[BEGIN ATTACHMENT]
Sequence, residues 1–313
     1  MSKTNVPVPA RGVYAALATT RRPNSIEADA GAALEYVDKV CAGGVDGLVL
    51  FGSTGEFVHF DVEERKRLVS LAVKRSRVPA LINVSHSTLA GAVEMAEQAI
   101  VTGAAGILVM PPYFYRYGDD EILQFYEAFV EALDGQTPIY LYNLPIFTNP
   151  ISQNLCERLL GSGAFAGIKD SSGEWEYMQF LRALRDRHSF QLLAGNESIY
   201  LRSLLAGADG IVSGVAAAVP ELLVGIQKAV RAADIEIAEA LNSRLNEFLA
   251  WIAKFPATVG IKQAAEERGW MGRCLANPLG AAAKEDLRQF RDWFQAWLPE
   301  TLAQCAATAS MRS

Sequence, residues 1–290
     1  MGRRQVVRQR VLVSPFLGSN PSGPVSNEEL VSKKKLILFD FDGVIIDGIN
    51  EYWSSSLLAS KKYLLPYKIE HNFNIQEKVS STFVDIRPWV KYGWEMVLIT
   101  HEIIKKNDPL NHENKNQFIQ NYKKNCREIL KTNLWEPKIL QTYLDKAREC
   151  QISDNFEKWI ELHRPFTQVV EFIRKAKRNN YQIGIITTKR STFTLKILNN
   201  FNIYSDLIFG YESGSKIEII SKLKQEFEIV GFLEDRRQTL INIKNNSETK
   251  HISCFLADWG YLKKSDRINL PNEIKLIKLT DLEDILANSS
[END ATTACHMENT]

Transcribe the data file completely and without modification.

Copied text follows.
Sequence, residues 1–313
     1  MSKTNVPVPA RGVYAALATT RRPNSIEADA GAALEYVDKV CAGGVDGLVL
    51  FGSTGEFVHF DVEERKRLVS LAVKRSRVPA LINVSHSTLA GAVEMAEQAI
   101  VTGAAGILVM PPYFYRYGDD EILQFYEAFV EALDGQTPIY LYNLPIFTNP
   151  ISQNLCERLL GSGAFAGIKD SSGEWEYMQF LRALRDRHSF QLLAGNESIY
   201  LRSLLAGADG IVSGVAAAVP ELLVGIQKAV RAADIEIAEA LNSRLNEFLA
   251  WIAKFPATVG IKQAAEERGW MGRCLANPLG AAAKEDLRQF RDWFQAWLPE
   301  TLAQCAATAS MRS

Sequence, residues 1–290
     1  MGRRQVVRQR VLVSPFLGSN PSGPVSNEEL VSKKKLILFD FDGVIIDGIN
    51  EYWSSSLLAS KKYLLPYKIE HNFNIQEKVS STFVDIRPWV KYGWEMVLIT
   101  HEIIKKNDPL NHENKNQFIQ NYKKNCREIL KTNLWEPKIL QTYLDKAREC
   151  QISDNFEKWI ELHRPFTQVV EFIRKAKRNN YQIGIITTKR STFTLKILNN
   201  FNIYSDLIFG YESGSKIEII SKLKQEFEIV GFLEDRRQTL INIKNNSETK
   251  HISCFLADWG YLKKSDRINL PNEIKLIKLT DLEDILANSS